Locomotion in virtual reality experiences and games is something that hasn’t been figured out entirely just yet. With headset tracking and sensors, players can move around defined spaces that reflect the rooms they inhabit to a degree, but you’re limited by the size of your physical space. And while there are options like teleporting to expand that area, that breaks immersion and depends on the use of controllers for movement. Omni-directional treadmills like the Virtuix Omni are the most immersive of the bunch from a physical perspective, but they’re bulky and not very practical for the average consumer.
None of these truly display a reliable option in a small form factor that can trick our minds as we move around the larger landscapes some VR games offer. However, the small team at Cool Font has a new app that may open a new door for movement in virtual reality.
PocketStrafe is a mobile app for IOS and Android that connects to a PC (currently compatible with both Oculus Rift and HTC Vive headsets) through Wi-Fi. With it, you calibrate to your specific measurements, put your device into your pocket, and run in place to move throughout various compatible VR games.
The movement itself can be paired to different forms of input from a keyboard to an attached controller. Immediately this type of movement is beneficial in a couple ways: 1) Running in place carefully will keep headset wearers from walking into furniture and people while playing and 2) this can be a pretty decent cardio workout. Physically, it’s similar to other ‘running in place’ movement systems we’ve seen, but it frees up both hands and lets you use both controllers still, making it unique.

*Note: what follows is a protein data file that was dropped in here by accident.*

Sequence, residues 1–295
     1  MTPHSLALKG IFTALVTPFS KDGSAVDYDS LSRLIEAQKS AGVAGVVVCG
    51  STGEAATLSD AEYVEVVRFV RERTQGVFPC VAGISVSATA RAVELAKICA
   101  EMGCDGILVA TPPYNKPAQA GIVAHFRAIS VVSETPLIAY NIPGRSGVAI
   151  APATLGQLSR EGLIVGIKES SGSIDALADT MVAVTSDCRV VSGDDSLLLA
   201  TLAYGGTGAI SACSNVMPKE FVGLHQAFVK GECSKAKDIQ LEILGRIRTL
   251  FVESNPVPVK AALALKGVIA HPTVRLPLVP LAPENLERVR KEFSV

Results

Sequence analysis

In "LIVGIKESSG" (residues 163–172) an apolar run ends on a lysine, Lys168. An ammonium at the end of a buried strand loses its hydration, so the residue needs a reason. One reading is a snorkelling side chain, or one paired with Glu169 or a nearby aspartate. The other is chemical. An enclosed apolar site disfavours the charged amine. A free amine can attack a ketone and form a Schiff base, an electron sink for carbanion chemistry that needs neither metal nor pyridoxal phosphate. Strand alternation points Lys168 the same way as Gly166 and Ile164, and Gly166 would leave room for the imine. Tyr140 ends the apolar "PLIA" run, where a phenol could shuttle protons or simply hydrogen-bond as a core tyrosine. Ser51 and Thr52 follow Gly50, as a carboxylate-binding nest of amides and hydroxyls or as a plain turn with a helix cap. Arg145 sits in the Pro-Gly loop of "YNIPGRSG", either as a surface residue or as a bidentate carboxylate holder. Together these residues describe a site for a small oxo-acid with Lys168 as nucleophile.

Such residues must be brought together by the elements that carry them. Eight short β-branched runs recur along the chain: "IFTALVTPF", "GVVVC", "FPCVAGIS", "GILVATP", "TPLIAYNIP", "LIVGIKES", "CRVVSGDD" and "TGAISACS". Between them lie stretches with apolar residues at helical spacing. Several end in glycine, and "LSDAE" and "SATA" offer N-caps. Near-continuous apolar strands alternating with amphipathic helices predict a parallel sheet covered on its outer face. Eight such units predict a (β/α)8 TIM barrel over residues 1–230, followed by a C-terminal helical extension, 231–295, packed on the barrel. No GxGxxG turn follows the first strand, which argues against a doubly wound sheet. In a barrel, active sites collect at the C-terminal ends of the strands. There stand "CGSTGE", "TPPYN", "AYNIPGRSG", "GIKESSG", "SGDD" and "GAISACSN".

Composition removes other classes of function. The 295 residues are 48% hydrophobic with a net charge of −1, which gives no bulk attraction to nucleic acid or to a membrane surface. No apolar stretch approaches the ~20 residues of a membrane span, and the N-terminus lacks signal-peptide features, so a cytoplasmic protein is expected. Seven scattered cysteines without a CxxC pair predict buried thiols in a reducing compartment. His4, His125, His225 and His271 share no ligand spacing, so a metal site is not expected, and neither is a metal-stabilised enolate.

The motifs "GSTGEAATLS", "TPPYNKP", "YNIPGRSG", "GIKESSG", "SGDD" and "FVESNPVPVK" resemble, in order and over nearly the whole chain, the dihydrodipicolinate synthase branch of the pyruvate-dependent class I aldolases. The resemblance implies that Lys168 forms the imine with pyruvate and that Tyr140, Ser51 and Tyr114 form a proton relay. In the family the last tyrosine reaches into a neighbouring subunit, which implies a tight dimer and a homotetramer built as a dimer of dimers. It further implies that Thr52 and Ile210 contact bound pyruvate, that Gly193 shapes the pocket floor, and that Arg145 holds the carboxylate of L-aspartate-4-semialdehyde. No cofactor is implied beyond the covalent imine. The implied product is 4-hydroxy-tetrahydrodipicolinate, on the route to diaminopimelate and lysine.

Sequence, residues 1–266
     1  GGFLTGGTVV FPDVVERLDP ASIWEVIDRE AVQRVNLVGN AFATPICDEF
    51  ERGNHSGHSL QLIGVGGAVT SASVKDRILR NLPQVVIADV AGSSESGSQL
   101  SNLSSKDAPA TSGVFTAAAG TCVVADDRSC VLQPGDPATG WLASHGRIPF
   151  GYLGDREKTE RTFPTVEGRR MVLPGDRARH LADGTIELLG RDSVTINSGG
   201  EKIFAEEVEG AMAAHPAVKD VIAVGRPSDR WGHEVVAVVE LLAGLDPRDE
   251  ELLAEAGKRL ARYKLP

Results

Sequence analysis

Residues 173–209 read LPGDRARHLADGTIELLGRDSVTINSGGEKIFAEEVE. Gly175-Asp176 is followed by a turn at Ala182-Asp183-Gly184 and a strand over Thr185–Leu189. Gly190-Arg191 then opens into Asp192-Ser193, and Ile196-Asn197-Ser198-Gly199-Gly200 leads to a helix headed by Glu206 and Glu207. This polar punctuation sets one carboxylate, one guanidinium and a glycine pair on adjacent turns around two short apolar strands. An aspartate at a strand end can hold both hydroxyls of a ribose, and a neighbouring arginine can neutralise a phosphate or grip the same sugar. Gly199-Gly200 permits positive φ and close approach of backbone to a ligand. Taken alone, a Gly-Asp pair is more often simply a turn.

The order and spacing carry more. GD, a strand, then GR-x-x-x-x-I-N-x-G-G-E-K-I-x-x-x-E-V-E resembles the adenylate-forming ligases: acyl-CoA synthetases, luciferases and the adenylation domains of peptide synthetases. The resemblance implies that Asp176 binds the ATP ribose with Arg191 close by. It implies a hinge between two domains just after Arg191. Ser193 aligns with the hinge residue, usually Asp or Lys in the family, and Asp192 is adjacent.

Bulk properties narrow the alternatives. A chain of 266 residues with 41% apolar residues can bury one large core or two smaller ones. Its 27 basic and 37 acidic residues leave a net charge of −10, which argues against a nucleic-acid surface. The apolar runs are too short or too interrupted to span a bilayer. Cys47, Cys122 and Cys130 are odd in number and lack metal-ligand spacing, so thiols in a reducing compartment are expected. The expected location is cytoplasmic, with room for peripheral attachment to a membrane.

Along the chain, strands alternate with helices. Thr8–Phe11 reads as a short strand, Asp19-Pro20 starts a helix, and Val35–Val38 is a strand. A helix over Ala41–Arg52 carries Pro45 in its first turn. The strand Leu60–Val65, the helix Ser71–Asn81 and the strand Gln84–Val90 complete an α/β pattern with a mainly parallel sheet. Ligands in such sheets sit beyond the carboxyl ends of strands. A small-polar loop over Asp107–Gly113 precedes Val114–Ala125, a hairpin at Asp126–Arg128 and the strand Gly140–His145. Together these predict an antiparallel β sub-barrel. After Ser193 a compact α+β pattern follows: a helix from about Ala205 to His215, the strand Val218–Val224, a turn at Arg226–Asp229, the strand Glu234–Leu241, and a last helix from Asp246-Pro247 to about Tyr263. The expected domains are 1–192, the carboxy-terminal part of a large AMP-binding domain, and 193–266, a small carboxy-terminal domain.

VR has the uncanny ability to trick our eyes, mind, and inner ear into sensations of movement or vertigo. Because of that, moving quickly or changing directions suddenly without physically having to move in such a manner creates bouts of motion sickness. Exhibiting some physical form of locomotion like in PocketStrafe can hopefully alleviate some of those issues for those impacted.
This story originally appeared on Uploadvr.com. Copyright 2016